In 2009, the study began with 22 sites randomized (12 intervention and 10 control). Because of the need to obtain consent in control PICUs where only data collection was occurring versus the intervention units where a change in practice was being performed, we anticipated lower consent rates in the intervention PICUs. Based on our previous experience, we anticipated a consent rate of > 85% in control PICUs and a consent rate of 60% in intervention PICUs [36, 37]. Because of these estimates, we randomized more sites to the intervention arm. Study enrollment was subsequently reviewed in June 2010. Enrollment rates from these 22 sites were slightly lower than expected. To increase enrollment rates, we added nine sites in 2010, following the same site selection procedures and randomization scheme as for the original sites. Specifically, we recruited them from the PALISI Network, performed an organizational assessment, classified them by size and randomized them by size, five to the intervention arm and four to the control arm.

Study procedures

Study procedures were focused to enhance treatment fidelity as follows. Each participating center identified a physician-nurse-pharmacist co-investigator team responsible for discipline-specific education, compliance assessment and retraining. After randomization, co-investigators from the intervention sites attended a start-up meeting and completed a competency-based training program and certification process prior to enrolling intervention patients. This process included review of the web-based Manual of Operations and study videos.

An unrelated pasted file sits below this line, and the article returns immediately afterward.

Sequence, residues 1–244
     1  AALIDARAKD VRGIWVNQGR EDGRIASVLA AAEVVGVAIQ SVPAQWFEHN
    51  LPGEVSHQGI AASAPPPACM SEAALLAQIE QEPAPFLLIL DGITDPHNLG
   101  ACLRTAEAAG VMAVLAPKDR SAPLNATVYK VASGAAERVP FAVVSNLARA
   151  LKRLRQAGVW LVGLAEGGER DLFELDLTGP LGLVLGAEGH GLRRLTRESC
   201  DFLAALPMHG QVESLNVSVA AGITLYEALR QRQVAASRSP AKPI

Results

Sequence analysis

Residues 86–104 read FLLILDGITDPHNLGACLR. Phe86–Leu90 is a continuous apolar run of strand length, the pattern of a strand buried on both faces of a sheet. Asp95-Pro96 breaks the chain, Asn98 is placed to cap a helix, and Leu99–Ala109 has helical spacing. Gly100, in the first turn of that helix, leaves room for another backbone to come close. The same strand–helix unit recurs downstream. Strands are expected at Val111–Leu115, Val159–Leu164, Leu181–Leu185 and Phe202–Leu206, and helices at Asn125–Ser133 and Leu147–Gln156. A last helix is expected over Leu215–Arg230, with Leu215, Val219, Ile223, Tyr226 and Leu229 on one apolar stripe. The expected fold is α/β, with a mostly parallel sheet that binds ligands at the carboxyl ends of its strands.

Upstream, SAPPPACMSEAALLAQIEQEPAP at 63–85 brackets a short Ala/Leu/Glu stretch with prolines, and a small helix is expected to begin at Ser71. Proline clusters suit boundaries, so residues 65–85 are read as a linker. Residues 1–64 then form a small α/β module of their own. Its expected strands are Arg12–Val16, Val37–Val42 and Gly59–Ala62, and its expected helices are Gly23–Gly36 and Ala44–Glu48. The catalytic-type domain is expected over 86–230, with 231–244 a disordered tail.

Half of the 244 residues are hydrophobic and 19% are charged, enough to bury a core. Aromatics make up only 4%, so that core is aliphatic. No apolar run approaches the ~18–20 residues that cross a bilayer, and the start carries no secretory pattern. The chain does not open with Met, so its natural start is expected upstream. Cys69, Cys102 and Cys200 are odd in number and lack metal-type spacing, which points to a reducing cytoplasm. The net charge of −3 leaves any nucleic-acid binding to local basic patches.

After the start-up meeting, intervention PICUs conducted team training for 1 month and then implemented the RESTORE sedation protocol on consented patients. Team training included all clinicians (physicians, nurses, clinical pharmacists, respiratory therapists) involved in the management of intubated and mechanically ventilated patients. Training materials included discipline-specific slide packages, informal case discussions, a video of the nurse-implemented, goal-directed, comfort algorithm and arousal assessment, pocket reminder cards and bedside booklets. Prior to the intervention phase, all physicians, unit-based clinical pharmacists and nursing staff were required to demonstrate their understanding of the intervention by completion of a discipline-specific, scenario-based self-assessment evaluation requiring a score of ≥ 80%. If a score was < 80%, retraining was required, and the assessment repeated until the score was ≥ 80%. In addition to the core physician-nurse-pharmacist team, additional multidisciplinary “Champions” served as unit-based resources for the RESTORE protocol. Champions provided clinicians access to a RESTORE protocol expert at all times.

During routine daily multidisciplinary patient care rounds, the protocol directs clinicians to identify the patient’s trajectory of illness and prescribe a daily sedation goal. The bedside nurse then used the algorithm with complementary standardized order set to titrate the comfort medications to the prescribed sedation target. The order set served three purposes: (1) reinforcement of training, (2) decreased delay in implementing a change in sedation and (3) enhanced protocol compliance.

The decision to require consent for each intervention patient impacted the trial by providing staff utilizing RESTORE with less experience using the protocol. Because of this we required a minimal enrollment of three subjects per month and a rigorous training and quality improvement plan. To assure protocol compliance, reinforce education and assess safety during the intervention period, one site co-investigator rounded separately on each study patient each day. During these investigator rounds, the co-investigator or nurse champion offered staff support and retraining as necessary and completed a “Walk Rounds Report” that collected data around these topics and issues. Any deficits identified during walk rounds was addressed with the care team to assure compliance with the protocol. The reports were summarized weekly to provide team feedback on RESTORE performance.

Post-discharge quality of life and emotional health